- The Washington Times - Wednesday, February 20, 2008


Fidel Castro’s formal exit from power, announced this week, comes at a moment when Cuba stands remarkably secure in the Communist dictatorship that this ailing 81-year-old former guerrilla built over nearly five decades. The “transitional” government of Fidel’s brother Raul has ruled without incident for a year-and-a-half, despite the inherent uncertainty of a dictator’s exit.

The ease of Raul’s rule has dashed hopes for speedy liberalization. Raul Castro, age 76, now seems poised to become Fidel’s permanent successor on Sunday, when Cuba’s new Council of State is unveiled. Most analysts rightly figure upon Fidel’s veto over vital matters for the rest of his earthly existence.

These factors make the prospects for elections and other basic freedoms seem as distant as ever. And yet real elections, freedom for political prisoners and a free press remain the indispensable means forward for this long-suffering nation 90 miles from Florida. The three major U.S. presidential candidates echoed calls for Cuban democracy in statements yesterday, as if the Castros were listening.

Indeed, all signs suggest that the Chinese model, not a Gorbachev-style transition, drives the thinking of Raul Castro, Vice President Carlos Lage and other top Cuban officials. Backed by allies in Beijing and Venezuela, the junior Mr. Castro recently called for economic reforms similar to Communist China’s, which hold fast to the political status quo. He has begun enacting modest economic changes such as privatizing some state farms and granting foreign firms the right to pay higher wages. Raul Castro has also launched an “open debate” on some of the failures of the Communist economy. But political reforms are nowhere to be seen.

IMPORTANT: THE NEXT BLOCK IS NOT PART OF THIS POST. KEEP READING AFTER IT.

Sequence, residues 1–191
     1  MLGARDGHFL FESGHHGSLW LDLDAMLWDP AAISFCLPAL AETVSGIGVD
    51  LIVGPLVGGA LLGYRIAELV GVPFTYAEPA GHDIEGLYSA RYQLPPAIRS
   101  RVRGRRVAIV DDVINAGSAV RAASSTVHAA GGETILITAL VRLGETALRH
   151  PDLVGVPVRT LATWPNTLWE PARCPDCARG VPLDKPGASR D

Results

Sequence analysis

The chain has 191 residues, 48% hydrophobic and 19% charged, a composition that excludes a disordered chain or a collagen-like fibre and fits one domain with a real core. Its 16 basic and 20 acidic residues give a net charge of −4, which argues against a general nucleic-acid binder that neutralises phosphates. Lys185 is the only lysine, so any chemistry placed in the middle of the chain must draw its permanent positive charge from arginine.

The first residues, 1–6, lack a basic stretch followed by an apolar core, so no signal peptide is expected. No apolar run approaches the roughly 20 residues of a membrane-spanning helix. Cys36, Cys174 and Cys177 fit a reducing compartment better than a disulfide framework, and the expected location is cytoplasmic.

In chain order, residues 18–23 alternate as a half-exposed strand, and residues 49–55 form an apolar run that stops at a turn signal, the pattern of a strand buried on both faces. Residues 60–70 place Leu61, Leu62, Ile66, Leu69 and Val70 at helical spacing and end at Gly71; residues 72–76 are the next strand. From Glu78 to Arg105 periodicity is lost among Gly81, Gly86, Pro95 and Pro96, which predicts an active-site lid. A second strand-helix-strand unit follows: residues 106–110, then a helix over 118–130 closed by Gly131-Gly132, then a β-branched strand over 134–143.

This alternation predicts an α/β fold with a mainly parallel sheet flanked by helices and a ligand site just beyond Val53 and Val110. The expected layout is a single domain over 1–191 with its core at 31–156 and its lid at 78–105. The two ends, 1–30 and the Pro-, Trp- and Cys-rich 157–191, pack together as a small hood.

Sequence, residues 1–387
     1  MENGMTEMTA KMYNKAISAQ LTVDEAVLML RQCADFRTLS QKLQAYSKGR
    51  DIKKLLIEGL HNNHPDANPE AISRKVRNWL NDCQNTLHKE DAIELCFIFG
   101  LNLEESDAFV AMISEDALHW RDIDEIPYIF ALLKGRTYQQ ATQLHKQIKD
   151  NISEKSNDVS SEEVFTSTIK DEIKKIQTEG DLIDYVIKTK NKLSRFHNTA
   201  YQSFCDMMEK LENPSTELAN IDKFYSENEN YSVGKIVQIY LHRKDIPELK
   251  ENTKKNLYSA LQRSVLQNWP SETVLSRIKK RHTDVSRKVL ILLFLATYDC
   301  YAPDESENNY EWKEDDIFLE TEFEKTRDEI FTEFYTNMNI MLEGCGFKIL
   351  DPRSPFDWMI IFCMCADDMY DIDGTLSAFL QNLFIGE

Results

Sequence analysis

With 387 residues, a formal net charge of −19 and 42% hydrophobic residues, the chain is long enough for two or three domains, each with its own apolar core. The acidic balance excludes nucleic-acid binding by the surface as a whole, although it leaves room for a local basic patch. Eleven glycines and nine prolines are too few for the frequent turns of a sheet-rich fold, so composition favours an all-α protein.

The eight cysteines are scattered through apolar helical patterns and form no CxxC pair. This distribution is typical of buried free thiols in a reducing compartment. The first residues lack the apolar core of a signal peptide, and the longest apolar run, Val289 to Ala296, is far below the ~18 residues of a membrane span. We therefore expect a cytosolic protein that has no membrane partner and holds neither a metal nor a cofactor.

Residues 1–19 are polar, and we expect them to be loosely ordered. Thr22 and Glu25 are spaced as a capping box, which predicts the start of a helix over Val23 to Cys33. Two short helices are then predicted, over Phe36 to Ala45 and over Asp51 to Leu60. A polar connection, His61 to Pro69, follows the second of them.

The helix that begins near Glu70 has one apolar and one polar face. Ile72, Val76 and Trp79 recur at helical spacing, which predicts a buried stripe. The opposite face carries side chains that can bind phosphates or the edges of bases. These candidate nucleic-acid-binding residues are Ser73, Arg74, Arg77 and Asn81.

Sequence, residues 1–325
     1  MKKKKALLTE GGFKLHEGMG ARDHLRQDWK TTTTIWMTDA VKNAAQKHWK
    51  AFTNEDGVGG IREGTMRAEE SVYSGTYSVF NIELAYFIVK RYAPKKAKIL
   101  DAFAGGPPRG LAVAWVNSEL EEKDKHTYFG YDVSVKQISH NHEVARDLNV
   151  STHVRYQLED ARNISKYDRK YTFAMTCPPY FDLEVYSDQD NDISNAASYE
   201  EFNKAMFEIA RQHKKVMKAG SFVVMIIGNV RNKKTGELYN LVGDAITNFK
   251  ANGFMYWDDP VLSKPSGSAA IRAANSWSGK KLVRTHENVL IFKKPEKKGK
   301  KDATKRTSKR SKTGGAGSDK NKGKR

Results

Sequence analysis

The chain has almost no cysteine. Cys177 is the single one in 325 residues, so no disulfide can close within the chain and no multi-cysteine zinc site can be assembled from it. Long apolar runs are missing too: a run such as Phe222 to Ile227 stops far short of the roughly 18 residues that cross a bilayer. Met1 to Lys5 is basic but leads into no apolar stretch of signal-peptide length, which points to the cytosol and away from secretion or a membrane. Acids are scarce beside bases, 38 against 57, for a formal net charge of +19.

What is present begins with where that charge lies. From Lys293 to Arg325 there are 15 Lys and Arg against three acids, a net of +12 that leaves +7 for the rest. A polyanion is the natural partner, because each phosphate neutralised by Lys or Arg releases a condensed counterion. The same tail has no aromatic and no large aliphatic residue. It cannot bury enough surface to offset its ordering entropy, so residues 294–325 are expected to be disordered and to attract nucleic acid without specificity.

Cuba will only join the community of nations when it opens its political system. Indeed, the case for stubborn repetition of Fidel’s dictatorial wrongs just about makes itself. Hundreds of political prisoners languish in jail. The freedom to speak one’s mind, the freedom to associate, the ability to read foreign and domestic media are all severely curtailed. Reporters Without Borders gives Cuba its worst possible rating for the extensive squelching of the Cuban media. In a world where the United States expends blood and treasure for democracy on far continents, repressed Cuba is right here off the Florida coast.

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